More personally, I think that evangelicals who write off the environmental movement as a grand conspiracy are doing great damage. They have forgotten the principles of Genesis and God’s second command to humans. More than that, they have lost a chance to stand with neighbours on a moral issue that matters. And even more than that, American (and Canadian) Christians have gained the whole world in material goods, but in doing so have sold out the world.
Still, I think that evangelical culture is wise to resist media and pop culture. They are right to avoid social media shaming techniques of dominant culture. They are probably right to look for common sense solutions in their own worlds rather than just at the grand statements of the great men and women of our day. And they are right to ask for better information from media, activists, and scientists. Skeptics can often be won over.
Why do so many American evangelicals reject global care conversations? Because we as intellectuals, writers, pundits, scientists, and activists have not demonstrated with clarity and integrity the real need. It is not that we have to get through a wall of skepticism, though that is there. It’s that we haven’t made our way through the wall of mass culture nonsense—a mass culture that has no problem disdaining evangelicalism by equating it with crammed arks, abortion clinic bombers, and Dr. Ray Comfort with his banana.
There is in evangelicalism a “Creation Care” movement, represented by popular authors (e.g., John Stott and Jonathan Merritt), signalled by a Christianity Today study guide by that name, and supported by the Evangelical Environmental Network (EEN), environmental activists since 1993, and The Evangelical Climate Initiative (ECI), a group of prominent American Evangelical leaders. The ECI’s first claim is unambiguous:
“Human-Induced Climate Change is Real and increasing international instability, which could lead to more security threats to our nation.”
The ECI Statement continues to argue that the hardest hit will be the poor and marginalized, so it is the Christian’s moral responsibility to act. Finally, they argue, the need to respond is urgent.
Resistance remains. Wayne Grudem, is a Senior Fellow of the Cornwall Alliance for the Stewardship of Creation (CA), which resists the ECI and mass culture environmentalism. The Cornwall Alliance also has a statement: “An Evangelical Declaration on Global Warming.” They are likewise unambiguous:
“We deny that Earth and its ecosystems are the fragile and unstable products of chance, and particularly that Earth’s climate system is vulnerable to dangerous alteration because of minuscule changes in atmospheric chemistry. Recent warming was neither abnormally large nor abnormally rapid. There is no convincing scientific evidence that human contribution to greenhouse gases is causing dangerous global warming.”
The CA response is not significant, and it is mounting its pressure upon the public discourse. A recent CA book, Resisting the Green Dragon: Dominion, Not Death by Dr. James A. Wanliss, drives the conversation forward. The promotional video uses phrases like,
- “one of the greatest deceptions of our day”
- “this so-called Green Dragon [Environmentalism] is seducing your children in our classrooms and popular culture, its lusts for political power now extends to the highest global levels, and its twisted view of the world elevates nature above the needs of people—even the poorest and the most helpless”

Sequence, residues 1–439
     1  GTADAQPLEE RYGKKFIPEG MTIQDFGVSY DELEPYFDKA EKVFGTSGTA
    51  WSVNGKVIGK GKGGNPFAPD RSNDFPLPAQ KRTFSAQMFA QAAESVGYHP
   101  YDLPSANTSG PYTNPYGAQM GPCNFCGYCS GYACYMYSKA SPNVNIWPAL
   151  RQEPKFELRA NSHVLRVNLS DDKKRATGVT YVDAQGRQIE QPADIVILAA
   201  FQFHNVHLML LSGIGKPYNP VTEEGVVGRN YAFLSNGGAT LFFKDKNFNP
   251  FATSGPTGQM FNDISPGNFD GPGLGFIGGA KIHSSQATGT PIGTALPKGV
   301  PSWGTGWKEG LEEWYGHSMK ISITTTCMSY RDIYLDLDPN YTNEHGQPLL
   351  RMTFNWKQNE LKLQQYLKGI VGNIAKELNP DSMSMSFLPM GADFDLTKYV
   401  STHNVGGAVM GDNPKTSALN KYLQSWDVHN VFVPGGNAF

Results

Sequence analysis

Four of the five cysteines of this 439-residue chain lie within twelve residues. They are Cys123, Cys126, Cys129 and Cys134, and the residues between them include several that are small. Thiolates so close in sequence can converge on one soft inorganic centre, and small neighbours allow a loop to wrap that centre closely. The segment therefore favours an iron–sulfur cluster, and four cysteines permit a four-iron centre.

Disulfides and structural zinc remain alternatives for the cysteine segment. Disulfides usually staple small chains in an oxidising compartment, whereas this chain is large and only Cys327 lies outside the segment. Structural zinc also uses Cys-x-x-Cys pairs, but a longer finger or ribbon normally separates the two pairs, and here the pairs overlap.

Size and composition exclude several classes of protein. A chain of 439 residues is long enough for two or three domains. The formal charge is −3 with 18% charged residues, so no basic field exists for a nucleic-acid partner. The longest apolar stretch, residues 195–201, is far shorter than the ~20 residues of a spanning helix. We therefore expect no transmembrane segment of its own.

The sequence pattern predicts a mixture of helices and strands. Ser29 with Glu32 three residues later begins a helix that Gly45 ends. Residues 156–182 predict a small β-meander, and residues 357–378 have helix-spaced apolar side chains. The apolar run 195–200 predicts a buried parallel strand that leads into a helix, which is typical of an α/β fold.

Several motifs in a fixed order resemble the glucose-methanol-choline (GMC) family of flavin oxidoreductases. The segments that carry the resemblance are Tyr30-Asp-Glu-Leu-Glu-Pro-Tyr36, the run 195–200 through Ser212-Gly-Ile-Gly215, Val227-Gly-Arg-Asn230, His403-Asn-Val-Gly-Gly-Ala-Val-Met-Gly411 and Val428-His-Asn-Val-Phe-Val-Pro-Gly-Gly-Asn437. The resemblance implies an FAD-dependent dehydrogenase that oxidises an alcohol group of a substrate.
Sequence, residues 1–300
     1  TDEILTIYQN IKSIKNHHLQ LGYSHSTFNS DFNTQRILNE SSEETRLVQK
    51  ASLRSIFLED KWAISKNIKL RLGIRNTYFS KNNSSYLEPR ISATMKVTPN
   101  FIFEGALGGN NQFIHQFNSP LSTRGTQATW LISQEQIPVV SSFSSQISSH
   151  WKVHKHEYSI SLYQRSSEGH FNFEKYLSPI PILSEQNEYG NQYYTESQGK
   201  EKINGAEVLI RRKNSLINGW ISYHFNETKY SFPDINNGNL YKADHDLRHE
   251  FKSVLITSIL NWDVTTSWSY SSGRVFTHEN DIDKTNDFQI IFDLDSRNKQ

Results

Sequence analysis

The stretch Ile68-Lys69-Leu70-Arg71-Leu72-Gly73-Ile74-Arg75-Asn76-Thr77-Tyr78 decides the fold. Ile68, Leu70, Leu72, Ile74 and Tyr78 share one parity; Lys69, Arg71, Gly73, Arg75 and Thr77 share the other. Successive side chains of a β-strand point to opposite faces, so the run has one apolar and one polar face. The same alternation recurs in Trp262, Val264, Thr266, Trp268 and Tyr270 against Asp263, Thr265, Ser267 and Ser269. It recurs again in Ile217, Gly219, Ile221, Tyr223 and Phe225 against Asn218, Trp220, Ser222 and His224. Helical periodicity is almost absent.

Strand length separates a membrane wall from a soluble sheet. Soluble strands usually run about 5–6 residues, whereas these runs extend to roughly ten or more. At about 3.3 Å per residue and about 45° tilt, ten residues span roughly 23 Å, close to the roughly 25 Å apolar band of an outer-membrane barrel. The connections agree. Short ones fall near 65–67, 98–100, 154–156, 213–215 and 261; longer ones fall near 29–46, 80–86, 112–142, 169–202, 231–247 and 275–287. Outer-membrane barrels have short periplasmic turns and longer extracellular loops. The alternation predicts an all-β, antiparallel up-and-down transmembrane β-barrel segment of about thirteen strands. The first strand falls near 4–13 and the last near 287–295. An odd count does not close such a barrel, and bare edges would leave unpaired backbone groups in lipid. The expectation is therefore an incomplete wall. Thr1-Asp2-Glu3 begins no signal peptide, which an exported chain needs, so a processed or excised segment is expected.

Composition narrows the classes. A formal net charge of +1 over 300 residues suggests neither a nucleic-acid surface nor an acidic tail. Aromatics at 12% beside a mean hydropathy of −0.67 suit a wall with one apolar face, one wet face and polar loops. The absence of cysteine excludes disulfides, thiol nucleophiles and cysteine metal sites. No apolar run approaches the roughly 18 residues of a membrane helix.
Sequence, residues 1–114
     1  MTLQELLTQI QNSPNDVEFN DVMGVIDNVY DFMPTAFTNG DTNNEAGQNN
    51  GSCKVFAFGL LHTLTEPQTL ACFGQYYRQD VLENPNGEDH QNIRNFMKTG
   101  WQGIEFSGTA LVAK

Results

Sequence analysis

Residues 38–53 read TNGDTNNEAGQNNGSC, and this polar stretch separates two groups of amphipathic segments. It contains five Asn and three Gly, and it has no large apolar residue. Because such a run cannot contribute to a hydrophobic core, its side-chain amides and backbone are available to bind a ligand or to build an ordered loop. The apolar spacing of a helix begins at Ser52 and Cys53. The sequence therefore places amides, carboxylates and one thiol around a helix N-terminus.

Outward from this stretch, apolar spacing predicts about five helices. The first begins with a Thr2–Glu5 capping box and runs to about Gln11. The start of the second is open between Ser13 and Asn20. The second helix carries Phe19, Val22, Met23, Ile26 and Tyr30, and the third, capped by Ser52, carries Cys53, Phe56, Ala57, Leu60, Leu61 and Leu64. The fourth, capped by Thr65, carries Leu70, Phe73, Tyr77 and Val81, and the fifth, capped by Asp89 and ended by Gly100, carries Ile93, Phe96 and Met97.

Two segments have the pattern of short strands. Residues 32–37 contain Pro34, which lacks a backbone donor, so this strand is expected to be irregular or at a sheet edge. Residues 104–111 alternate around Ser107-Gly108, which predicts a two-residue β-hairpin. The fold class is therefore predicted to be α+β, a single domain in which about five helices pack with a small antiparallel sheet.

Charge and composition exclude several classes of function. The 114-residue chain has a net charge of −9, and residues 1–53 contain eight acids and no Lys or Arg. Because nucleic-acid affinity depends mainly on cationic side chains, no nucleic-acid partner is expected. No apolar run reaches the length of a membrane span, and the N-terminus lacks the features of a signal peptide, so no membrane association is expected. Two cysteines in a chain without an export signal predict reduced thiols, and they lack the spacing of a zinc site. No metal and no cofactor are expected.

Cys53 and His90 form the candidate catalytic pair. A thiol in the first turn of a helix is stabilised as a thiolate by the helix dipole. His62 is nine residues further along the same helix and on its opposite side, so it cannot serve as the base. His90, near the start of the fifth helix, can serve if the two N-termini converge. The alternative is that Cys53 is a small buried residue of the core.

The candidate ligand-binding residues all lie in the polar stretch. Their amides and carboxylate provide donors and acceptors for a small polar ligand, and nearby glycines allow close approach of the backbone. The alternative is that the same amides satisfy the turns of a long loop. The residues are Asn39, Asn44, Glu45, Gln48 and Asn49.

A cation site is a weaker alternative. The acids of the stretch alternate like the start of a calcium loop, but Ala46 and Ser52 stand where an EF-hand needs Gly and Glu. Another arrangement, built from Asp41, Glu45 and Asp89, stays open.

- “environmentalism … is your enemy”
- and in the context of “resist the Devil” (James 4:7) the host urges the listener to “rise up, slay the Green Dragon.”
Militant language and violent images are used throughout; the CA believes that environmentalism is the threat of a generation.
Conservative evangelical novelist and philanthropist Randy Alcorn indicates that resistance to environmentalism in evangelicalism may continue despite a shift in public opinion. In his foreword to Gardening Eden: How Creation Care Will Change Your Faith, Your Life, and Our World (2009) by architect and urban designer Michael Abbaté, Alcorn describe a recent speech he gave to thousands of conservative evangelical college students. He was speaking on eschatology, describing a new creation perspective, and adlibbed a rhetorical question: “of all people, as stewards [of creation], don’t you think we ought to have reasonable concern for our environment and try to take care of it?” A single person broke into spontaneous applause, and then stopped, awkwardly, apologetically. No one joined in to support the lone clapper—there was not even a token clap-along. Alcorn continued his speech, joking that one person actually applauded to “a pro-environment statement at a conservative evangelical gathering.”
Besides the lack of support for the solo clapper in Alcorn’s audience, what is intriguing is the great pains Alcorn goes to so that the reader understands that he really is theologically conservative, and generally conservative on social and political issues. This point is not insignificant, as evangelicals are concerned with avoiding a liberal label. Alcorn argues that the resistance to environmentalism among evangelicals is that it is viewed as part of “the liberal agenda.” And, therefore, “What sounds socially liberal sounds theologically liberal. And, understandably, biblical conservatives don’t want to sound liberal.”
So we see the real concerns of many evangelicals:
- The media and mass culture don’t understand them, so they resist the media and mass culture.
- There is a perception that support on this issue will mean evangelicals align themselves with the wrong people.
Evangelical environmental resisters are correct on both points. I think, though, that they miss the point on each.
On the first point, it is up to the intelligent, engaged skeptic to push through the media fog and find out if the claims of the environmental movement are true. I believe they are mostly in the right direction.
On the second point, evangelicals should never be concerned that they are connected to the wrong people. They really will be “tagged.” When an evangelical stands up and says to her church that she is an environmentalists, all kinds of images will flit through the minds of her congregation. This will include Al Gore and his million dollar speech. It will include fuzziness about Rachel Carson and DDT, failed climate accords like Kyoto, extremists like PETA covered in blood on the street, and a general sense of the “liberal” world.
But evangelicals claim to both serve and emulate the “man of no reputation.” The first concern is truth, not that our hands get dirty. Like Jesus, telling the truth may find us friends with lepers and liberals.
That’s sort of the point, actually.